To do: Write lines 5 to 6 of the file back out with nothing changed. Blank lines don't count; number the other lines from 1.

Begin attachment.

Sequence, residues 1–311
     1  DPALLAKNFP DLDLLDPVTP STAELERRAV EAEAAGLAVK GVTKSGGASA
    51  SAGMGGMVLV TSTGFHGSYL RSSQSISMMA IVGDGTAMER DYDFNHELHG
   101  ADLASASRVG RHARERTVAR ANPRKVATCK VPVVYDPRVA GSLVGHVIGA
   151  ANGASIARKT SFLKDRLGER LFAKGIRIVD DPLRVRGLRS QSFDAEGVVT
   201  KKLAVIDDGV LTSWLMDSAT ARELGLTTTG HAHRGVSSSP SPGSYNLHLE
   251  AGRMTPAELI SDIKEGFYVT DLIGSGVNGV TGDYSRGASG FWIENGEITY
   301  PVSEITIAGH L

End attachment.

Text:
   151  ANGASIARKT SFLKDRLGER LFAKGIRIVD DPLRVRGLRS QSFDAEGVVT
   201  KKLAVIDDGV LTSWLMDSAT ARELGLTTTG HAHRGVSSSP SPGSYNLHLE